Introduction to Church Street
City Directories and History: 1905 – Dexter Wholesale Grocery Co., @#117, #120 – Vacant, #122 – J.P. Todd (Blacksmith Shop), 1909 – Johnson H.G. & Son (H.G. Johnson and E.A. Johnson), buggies, harness and blacksmiths, 117 West Church,
Since the mid 1980’s, Church Street has become mostly parking lots, parks, and sidewalks on the blocks between South Murray Avenue and South Main Street, and South Main Street and South McDuffie Street. Sadly, many of the businesses had been abandoned and the buildings were beyond repair. Most of the buildings would not meet current safety standards and had to be razed.
Gone are the businesses that were once the center of African-American life in downtown Anderson but their memory lingers on. Two small monuments were placed on either end of Church Street to honor the businesses and people of East and West Church. A new memorial park is scheduled to open in the summer of 2016 on East Church in honor of the African-American businesses, and a time capsule will be opened with ceremony on February 14, 2036.
Like many of the east-west streets that intersect with Anderson’s Main Street, Church is divided into two sides. West Church was the less populated side. From Main to Murray, there were only three storefronts. The lot they had occupied was previously the home of a large residence. The three buildings on West Church were razed after 1986 to make way for additional downtown parking.
117 West Church: H.G. Johnson & Sons Building/W.H. Harrison Grocery (1912). Originally housed H.G. Johnson & Sons, a vehicle sales and repair shop, until 1920. Was used as warehouse until 1927, when W.H. Harrison Grocery moved in and stayed until 1942. From 1945 to 1960 was a furniture warehouse; 1961 to 1970: Carolina Lunch; 1970 to 1975: Ideal Pawn Shop; 1975-1980: boarding house.
Rectangular in shape, 54′ wide by 64′ long. First floor divided into equal parts by wall lengthwise. Second floor had central room surrounded by hallway which opened into small rooms around perimeter. Originally listed as a contributing structure in the Anderson Downtown Historic District and described as “early 20th century, two-story, brick, paired 1/1 windows with arch.” Razed in 1980’s. Building was abandoned and did not meet current building standards.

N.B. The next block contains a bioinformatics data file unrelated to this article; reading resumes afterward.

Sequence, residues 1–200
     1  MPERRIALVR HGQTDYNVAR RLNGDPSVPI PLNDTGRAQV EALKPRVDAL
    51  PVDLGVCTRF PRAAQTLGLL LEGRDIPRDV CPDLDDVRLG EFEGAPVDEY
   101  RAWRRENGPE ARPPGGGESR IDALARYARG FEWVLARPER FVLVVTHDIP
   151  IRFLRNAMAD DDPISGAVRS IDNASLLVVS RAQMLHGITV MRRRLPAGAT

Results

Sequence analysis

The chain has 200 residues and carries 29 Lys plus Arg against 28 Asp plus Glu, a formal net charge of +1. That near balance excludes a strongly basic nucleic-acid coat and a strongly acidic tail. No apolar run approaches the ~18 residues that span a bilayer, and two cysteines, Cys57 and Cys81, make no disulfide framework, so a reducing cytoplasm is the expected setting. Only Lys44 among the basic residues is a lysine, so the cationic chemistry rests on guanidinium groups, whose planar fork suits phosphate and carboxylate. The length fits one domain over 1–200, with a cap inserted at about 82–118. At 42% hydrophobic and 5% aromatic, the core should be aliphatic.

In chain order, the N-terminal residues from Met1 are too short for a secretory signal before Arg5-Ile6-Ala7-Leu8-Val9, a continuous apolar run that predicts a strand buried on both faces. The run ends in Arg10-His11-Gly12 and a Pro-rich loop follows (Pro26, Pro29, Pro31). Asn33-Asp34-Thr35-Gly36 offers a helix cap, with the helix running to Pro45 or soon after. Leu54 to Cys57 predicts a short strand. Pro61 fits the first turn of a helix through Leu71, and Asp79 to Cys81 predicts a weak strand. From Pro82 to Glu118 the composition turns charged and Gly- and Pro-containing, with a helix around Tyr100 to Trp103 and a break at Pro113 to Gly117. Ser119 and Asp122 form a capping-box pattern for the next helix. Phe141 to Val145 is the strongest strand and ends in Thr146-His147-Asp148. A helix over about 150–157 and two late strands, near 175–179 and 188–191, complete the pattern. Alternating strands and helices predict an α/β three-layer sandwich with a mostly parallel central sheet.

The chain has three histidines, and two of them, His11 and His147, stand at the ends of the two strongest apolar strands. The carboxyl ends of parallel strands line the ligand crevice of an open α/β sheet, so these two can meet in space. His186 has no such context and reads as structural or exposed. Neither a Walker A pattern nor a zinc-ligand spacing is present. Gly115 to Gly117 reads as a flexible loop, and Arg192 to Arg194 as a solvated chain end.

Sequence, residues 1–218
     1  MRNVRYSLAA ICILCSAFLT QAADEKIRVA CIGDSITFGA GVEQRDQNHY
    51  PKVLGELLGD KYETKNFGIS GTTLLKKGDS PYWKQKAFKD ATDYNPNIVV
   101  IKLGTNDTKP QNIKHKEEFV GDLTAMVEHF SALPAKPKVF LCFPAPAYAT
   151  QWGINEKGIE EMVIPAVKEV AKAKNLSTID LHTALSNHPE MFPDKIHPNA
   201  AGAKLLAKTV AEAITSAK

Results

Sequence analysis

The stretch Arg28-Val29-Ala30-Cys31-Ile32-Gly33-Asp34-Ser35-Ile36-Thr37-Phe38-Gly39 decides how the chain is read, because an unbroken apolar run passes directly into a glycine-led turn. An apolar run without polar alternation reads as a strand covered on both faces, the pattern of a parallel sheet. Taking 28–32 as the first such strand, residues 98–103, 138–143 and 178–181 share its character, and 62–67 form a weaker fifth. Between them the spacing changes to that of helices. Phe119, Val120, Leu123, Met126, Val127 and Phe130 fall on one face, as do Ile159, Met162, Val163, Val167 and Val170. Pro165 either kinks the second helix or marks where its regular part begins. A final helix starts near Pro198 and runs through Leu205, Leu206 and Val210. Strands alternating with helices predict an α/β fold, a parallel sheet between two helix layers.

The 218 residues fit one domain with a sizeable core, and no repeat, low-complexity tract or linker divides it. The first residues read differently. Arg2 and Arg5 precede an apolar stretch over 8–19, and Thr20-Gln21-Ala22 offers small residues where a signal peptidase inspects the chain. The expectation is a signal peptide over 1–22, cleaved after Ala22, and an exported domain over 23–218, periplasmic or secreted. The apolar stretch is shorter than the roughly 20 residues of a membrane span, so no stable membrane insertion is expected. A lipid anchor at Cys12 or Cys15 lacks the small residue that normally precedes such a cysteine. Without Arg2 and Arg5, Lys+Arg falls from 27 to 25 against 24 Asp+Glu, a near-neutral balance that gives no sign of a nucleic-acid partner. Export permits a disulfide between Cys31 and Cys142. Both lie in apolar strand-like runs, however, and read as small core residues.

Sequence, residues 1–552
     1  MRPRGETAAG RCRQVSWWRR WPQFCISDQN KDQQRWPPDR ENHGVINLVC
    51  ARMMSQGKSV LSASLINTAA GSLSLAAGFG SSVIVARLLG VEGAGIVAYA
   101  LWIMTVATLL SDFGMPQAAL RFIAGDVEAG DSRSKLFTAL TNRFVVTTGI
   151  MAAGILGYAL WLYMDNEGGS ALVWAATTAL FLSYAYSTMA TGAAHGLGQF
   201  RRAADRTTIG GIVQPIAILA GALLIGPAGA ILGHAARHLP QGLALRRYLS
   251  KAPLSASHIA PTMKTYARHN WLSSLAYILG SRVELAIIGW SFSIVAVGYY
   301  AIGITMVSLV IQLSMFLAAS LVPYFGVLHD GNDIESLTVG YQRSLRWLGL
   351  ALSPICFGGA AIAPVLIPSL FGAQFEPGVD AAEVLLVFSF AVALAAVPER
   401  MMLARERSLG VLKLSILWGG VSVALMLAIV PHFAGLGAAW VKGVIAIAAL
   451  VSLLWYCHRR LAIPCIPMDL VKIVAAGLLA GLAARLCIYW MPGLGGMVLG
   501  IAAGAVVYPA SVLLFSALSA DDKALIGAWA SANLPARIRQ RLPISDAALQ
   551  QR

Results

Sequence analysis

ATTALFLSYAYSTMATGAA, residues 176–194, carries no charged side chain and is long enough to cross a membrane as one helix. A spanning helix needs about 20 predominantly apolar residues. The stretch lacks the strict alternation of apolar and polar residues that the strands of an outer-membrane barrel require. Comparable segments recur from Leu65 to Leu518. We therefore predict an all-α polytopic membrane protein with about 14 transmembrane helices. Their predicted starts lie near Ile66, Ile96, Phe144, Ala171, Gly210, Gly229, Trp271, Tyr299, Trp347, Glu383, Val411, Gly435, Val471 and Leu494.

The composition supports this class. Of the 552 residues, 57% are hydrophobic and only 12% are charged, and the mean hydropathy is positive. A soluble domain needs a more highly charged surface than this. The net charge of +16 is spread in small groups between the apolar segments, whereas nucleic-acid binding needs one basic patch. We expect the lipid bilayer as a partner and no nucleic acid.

119 West Church: The Victor Theatre (Ideal Pawn Shop) (1922). Built in 1922 to house the Victor Theatre. Vacant from 1925 to 1929. From 1929 to 1976 it housed various furniture companies. From 1976 to 1980, the Ideal Pawn Shop. Vacant after 1981.
Rectangular in shape, 55′ wide by 104′ long. Two identical floors. Open plan with wooden posts. Arched windows. Ornamental ceiling tiles on first floor. Originally listed as a contributing structure in the Anderson Downtown Historic District and described as “early 20th century two-story, brick, 2/2 windows.” Razed in 1980’s. Building was abandoned and did not meet current building standards.
123 West Church: Tolly & Sons (1930). Built in 1930 but vacant until 1936 to 1938 when the U.S. Soil Conservation Service used it as warehouse and garage. 1940 to 1942: C.C. Reynolds Skating Rink; 1942 to 1944: Sears Warehouse; 1945: Gordon Sherrard Motor Company; 1947 to 1952: Electrical Wholesalers; 1955 to 1985: various furniture stores and warehouse space.